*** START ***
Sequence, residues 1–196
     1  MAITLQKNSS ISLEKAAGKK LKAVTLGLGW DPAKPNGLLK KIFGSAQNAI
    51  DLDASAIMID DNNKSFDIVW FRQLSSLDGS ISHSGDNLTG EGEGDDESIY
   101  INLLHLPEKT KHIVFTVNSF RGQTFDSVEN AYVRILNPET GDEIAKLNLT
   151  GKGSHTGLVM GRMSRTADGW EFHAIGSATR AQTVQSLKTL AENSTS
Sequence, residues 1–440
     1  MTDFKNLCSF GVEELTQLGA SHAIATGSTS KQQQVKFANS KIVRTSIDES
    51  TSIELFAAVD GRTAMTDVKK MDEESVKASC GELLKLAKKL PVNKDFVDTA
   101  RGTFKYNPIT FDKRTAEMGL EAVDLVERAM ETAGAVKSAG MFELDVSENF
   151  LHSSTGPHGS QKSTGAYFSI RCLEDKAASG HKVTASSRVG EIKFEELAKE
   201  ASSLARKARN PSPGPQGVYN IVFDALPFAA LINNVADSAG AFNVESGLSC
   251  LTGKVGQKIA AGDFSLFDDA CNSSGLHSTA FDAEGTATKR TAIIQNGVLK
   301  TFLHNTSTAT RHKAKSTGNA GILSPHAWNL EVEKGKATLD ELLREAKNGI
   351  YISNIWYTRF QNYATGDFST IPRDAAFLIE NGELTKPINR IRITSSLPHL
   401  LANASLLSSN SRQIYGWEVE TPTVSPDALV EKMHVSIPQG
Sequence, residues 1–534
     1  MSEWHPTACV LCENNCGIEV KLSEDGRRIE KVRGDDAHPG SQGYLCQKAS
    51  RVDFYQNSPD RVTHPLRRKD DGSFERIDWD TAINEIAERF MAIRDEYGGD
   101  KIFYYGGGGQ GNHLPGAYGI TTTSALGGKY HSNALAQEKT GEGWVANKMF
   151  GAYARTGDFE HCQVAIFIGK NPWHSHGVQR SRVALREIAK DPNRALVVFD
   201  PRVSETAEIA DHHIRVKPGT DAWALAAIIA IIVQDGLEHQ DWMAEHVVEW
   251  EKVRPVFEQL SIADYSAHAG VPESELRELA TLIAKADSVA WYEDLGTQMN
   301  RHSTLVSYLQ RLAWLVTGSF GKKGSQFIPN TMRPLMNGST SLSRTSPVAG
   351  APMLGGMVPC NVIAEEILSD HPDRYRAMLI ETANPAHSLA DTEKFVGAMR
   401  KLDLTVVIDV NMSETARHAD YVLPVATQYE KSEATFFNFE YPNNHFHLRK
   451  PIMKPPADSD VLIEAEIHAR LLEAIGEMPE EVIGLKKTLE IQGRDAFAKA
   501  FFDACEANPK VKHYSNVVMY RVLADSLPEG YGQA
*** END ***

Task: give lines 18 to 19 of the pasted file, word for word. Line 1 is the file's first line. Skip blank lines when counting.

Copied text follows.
    51  RVDFYQNSPD RVTHPLRRKD DGSFERIDWD TAINEIAERF MAIRDEYGGD
   101  KIFYYGGGGQ GNHLPGAYGI TTTSALGGKY HSNALAQEKT GEGWVANKMF